13. Alex Strychalski says:

    I too have a supply of old Arches waiting to be used. I will be waiting to hear about your easy solution in solving the problem. My guess is that it is the gelatin solution that is used for the external sizing.

  14. May says:

    I’ve experienced issues with old watercolor paper from two makers. I’m not sure of the brands as they pieces are cut from a larger sheet. The surface becomes fuzzy; masking fluid removal will sometimes take the paper with it; and overall, pigments are dull.
    It leaves me wondering if there’s been a change in the materials used to make the paper because I notice some products no longer perform as well or the same as they use to. One soap I learned, changed the formula ingredients, same name, not the same soap. I’ve also noticed a change in tube paint, watercolor and acrylic not performing the way they use to. Do artists change with age? Sure, but paper and paint shouldn’t.
    I didn’t think until reading your question to test old paper I’ve had since the early 1980s. I’ll give them a testing, and post tomorrow afternoon.

  15. nancy says:

    Remember Arches paper is now produced by Can on. So the “old” paper was produced differently than now. That might be why you get a different feel from the paper. I remember when it changed some people had trouble getting used to the “new” paper.

  16. I’m no expert so I googled your problem and it looks like many many things could affect how a paper ages: sunlight, dryness, humidity, pollution, and much more: http://handprint.com/HP/WCL/paper5.html

  17. Anne-Laure says:

    What a shame that this paper seems not good anymore… I was surprised when you said you didn’t like Arches paper, earlier, as I think it’s a good one but this is probably the reason, indeed…
    Perhaps, you could use it for test sample of colors or some ramdom things but no sketches?

    I am aware that it really is out of topic but can I ask you some questions about the blues? It may not be totally out of topic, actually, as you used a secret blue in your previous sketch. 😉
    I am wondering if it should be interesting for me to try the Cerulean blue and, as you seem to use it quite a lot, I thought you could be the best person to talk with on this topic. 🙂

    I currently use French Ultamarine and Phthalo Blue. But, I am not sure…. Ultramarine is often a bit strong for me (even if I like bright colors)… But it’s useful, diluted, for the skies, and to mix purples or greys… The Phthalo blue (green shade, I think) is great for blue-green water, sky at the horizon, blue bright shirts or fences 😉 … Mixed with Quin Fuchsia, it makes a fairly dark blue grey (btw, I also bought some Indigo, for conveniency).

    Sorry for being a bit chatty… 😉 Do you think some Cerulean Blue would be a nice addition or replacement for my palette? What would be the difference with the colors I already have? Is it a matter of hue, opacity, value ??… And, compared with a Cobalt Blue?
    At last, would your secret blue be even better?! 😉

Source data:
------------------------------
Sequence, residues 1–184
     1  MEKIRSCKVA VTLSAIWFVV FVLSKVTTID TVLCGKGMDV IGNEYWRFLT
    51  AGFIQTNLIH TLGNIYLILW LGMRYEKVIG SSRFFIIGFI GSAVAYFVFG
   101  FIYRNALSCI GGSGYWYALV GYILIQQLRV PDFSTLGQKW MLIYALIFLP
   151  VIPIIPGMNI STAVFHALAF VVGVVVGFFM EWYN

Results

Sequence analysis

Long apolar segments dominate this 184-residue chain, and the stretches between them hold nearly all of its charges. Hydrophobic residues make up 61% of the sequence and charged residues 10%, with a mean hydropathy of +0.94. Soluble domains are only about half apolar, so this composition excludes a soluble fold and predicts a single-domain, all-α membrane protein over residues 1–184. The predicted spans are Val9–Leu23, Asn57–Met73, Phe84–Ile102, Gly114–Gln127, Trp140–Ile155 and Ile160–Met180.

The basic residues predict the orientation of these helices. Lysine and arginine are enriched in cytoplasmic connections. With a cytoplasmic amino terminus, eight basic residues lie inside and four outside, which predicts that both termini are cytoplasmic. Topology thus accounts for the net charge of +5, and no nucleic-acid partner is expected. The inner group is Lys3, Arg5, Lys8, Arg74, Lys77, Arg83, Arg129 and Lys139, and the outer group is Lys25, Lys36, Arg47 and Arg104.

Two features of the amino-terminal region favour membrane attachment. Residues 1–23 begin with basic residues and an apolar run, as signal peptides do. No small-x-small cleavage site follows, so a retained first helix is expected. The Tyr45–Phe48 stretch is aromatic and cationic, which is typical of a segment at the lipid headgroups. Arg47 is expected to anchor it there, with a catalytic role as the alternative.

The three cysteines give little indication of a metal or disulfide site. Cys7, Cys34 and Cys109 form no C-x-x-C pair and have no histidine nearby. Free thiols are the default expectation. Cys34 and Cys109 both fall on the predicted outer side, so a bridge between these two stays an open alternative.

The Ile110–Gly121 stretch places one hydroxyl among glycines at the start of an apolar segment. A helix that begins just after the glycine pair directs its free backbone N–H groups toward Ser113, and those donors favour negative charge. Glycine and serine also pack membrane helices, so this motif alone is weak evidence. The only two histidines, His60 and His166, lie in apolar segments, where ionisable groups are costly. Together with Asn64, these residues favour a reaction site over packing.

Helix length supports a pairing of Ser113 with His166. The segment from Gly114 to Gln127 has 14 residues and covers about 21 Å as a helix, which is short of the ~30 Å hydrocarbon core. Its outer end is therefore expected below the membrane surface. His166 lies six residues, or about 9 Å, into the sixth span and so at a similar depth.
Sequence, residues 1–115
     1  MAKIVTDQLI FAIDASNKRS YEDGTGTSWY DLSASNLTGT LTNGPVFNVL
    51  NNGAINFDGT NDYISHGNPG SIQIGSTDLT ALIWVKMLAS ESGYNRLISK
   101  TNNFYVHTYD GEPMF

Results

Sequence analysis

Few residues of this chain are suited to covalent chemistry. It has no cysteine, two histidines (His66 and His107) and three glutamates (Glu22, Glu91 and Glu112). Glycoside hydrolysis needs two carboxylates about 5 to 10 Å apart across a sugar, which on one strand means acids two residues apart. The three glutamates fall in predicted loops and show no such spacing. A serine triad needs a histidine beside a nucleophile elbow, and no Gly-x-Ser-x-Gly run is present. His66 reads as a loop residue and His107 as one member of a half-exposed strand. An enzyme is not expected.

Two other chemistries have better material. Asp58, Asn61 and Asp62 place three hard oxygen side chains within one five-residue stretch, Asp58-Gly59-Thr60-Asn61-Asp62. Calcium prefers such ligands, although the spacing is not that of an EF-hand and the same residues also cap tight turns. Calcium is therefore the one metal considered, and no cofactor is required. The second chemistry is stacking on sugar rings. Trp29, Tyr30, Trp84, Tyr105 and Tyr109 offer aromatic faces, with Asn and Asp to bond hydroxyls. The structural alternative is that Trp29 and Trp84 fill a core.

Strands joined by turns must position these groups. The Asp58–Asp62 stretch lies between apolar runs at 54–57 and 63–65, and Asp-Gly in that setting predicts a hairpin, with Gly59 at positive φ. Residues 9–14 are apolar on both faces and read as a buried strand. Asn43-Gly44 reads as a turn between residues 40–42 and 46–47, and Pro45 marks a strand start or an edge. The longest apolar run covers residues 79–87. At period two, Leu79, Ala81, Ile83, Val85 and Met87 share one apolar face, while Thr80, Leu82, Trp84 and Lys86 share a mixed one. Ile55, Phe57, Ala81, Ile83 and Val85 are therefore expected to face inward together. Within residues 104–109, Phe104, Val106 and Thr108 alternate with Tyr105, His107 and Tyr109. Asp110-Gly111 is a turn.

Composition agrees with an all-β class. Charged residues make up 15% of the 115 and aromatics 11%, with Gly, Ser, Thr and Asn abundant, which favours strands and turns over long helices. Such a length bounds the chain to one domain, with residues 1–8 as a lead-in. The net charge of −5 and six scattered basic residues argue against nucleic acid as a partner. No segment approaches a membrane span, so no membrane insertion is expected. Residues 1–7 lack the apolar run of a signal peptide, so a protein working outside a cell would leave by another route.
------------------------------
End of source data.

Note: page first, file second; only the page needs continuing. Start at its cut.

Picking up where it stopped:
Thank a lot for your opinion and advices! 🙂
    And thank you again for the daily inspiration, of course.

  18. Anne-Laure says:

    Sorry, it’s a test. 😉

  19. Janine says:

    In the past, when I’ve had questions or issues with Canson or Arches papers, I have emailed Amanda.HUERTA@hamelinbrands.com. She has always responded quickly and been super nice.

    When I read about the idea of soaking or spraying the paper in the diluted bleach, it made me think of something else. Bleach is such a strong, corrosive substance. I would worry about the wet paint/water reactivating it in some way and possibly damaging natural hair brushes. (You know how I adore and worry about my sables!!!)

    Let us know what happens!

  20. jmnowak says:

    As a non-painter, but now playing around with image editing software to try and produce painterly effects, I must say I like both paintings. The top one shows depth and shadow, whereas the bottom one I’d say is more cartoon-like, flattish, although you have achieved some depth. The bottom one I’d say is more delicate than the other in its effect. Maybe you can start a new trend! …janina

  21. Delphine says:

    I was never happy of the Arches paper. I liked my great-grand mother stach better! It was old an yellow but reacted better. I wonder if Arches has changed its technogy in the past few years and I wouldn’t be surprised if they did. I use Fabriano paper now, the granulating is just perfect for me. I’m a pitiful watercolorist and I need all the help my paper can provide. You make me want to try Arches again though!

    • Hi Delphine. I think Arches did change its formula recently. At least that is what someone told me. I love Fabriano too, especially the soft press paper. But it’s nice to have some variety.

      • g2-cae6df2ef2822a70bd5c64c4db324d43 says:

        I agree, variety is nice. I remember Arches from my students days, and it’s not a good memory. I tried recently the new Watercolor Paper from Winsor and Newton and I’m hooked.
        I’m finally making some progress!

        By the way,I wanted to thank you for the inspiration. Reading you does help!